Review: Vladimir Sorokin’s “Day of the Oprichnik”

by writereaderly

vladimir sorokin day of the oprichnikAndrei Danilovich Komiaga is one of the oprichnina, the priveleged fists of Russia’s reigning monarch in the pseudo-futuristic world of 2028. Bound by religion and brotherhood to enforce His Majesty’s law, Komiaga is immensely fortunate in that he delights in the responsibilities assigned to the oprichnik: the deceipt, arson, rape, pillaging, murder, bribery, drugs, capital punishment and ritual group sex uniformly delight the man whose job is also his hobby. The disconcertingly chirpy tone of the day in the oprichnik’s life, the razor-shape political accusations against modern Russia, the sleek and inventive plotting: an impressive and absorbing novel, well recommended. (The only exception was the terrible poetry, but I can only surmise that it was deliberately awful in the original Russian, and the poor translator had to suck it up.)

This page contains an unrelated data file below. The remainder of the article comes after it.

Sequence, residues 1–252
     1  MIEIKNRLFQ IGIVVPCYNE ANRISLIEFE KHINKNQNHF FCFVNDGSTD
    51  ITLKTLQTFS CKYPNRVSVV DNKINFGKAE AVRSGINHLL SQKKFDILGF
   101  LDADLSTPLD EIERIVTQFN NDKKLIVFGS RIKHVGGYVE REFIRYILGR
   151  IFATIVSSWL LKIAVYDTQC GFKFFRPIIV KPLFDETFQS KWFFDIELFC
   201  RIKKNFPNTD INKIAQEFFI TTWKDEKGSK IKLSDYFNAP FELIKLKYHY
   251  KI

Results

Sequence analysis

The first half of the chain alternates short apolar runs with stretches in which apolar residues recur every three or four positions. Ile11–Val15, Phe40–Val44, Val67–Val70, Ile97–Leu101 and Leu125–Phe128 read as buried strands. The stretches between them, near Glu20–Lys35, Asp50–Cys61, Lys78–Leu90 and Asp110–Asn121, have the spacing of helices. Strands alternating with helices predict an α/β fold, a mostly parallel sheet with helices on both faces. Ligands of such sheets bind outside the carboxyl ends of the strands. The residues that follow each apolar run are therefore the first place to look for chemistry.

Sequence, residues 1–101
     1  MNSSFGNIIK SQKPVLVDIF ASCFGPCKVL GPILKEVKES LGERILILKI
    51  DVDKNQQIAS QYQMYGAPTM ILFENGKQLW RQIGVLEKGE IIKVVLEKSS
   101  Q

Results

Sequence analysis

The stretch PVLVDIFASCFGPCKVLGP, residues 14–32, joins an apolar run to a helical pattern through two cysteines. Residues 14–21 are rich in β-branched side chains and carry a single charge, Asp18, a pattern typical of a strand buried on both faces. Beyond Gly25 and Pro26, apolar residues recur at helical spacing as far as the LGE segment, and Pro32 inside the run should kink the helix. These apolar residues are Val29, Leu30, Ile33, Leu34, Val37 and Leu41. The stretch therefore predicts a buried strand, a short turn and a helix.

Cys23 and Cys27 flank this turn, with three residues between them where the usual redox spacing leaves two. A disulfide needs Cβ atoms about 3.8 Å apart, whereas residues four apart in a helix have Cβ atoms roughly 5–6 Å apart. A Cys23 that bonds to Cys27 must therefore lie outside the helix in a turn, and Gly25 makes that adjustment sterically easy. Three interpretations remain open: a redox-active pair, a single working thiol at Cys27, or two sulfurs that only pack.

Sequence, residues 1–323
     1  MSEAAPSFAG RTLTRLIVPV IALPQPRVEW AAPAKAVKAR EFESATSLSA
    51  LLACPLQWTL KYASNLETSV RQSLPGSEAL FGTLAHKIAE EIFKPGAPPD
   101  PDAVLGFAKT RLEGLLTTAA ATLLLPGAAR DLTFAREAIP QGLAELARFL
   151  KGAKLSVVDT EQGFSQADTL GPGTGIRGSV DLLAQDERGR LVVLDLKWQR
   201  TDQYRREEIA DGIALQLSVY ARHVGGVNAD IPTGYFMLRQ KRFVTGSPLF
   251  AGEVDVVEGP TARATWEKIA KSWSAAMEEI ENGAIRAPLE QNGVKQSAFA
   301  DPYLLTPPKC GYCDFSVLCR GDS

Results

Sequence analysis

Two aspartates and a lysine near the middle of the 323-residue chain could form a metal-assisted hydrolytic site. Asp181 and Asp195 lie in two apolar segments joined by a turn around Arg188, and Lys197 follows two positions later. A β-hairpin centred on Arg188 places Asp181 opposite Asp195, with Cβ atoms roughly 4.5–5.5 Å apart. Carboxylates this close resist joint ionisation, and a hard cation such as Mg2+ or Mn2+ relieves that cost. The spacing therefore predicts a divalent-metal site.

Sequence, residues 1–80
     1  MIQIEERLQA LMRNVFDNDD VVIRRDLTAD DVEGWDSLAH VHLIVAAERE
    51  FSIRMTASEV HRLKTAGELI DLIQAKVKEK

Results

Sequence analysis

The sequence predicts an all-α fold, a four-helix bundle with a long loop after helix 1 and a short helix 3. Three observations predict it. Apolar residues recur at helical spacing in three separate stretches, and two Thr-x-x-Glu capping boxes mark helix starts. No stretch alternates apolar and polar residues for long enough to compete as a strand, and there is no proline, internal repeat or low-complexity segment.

Where it came from: CP’s Bookshelf
Time and manner of reading:
Gripped afternoon and evening armchair reads
Where it went: Home
Reminds me of/that: —
Who I’d recommend it to:
Again, most thinky readers
Also reading:The Amazing Adventures of Kavalier & Clay by Michael Chabon; Being Alive edited by Neil Astley; The Politics of Ecstasy by Timothy Leary; Rebecca by Daphne du Maurier